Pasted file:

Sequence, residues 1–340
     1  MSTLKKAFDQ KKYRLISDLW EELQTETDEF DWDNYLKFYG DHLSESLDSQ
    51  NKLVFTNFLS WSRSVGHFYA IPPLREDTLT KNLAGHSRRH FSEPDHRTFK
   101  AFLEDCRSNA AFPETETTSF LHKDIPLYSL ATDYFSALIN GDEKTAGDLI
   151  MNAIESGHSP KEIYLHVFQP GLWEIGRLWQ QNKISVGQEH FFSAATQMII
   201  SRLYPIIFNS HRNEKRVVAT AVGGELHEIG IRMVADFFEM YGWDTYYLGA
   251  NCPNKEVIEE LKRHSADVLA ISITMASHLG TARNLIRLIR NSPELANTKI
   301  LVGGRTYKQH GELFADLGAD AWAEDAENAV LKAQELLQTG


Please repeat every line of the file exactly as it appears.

Sequence, residues 1–340
     1  MSTLKKAFDQ KKYRLISDLW EELQTETDEF DWDNYLKFYG DHLSESLDSQ
    51  NKLVFTNFLS WSRSVGHFYA IPPLREDTLT KNLAGHSRRH FSEPDHRTFK
   101  AFLEDCRSNA AFPETETTSF LHKDIPLYSL ATDYFSALIN GDEKTAGDLI
   151  MNAIESGHSP KEIYLHVFQP GLWEIGRLWQ QNKISVGQEH FFSAATQMII
   201  SRLYPIIFNS HRNEKRVVAT AVGGELHEIG IRMVADFFEM YGWDTYYLGA
   251  NCPNKEVIEE LKRHSADVLA ISITMASHLG TARNLIRLIR NSPELANTKI
   301  LVGGRTYKQH GELFADLGAD AWAEDAENAV LKAQELLQTG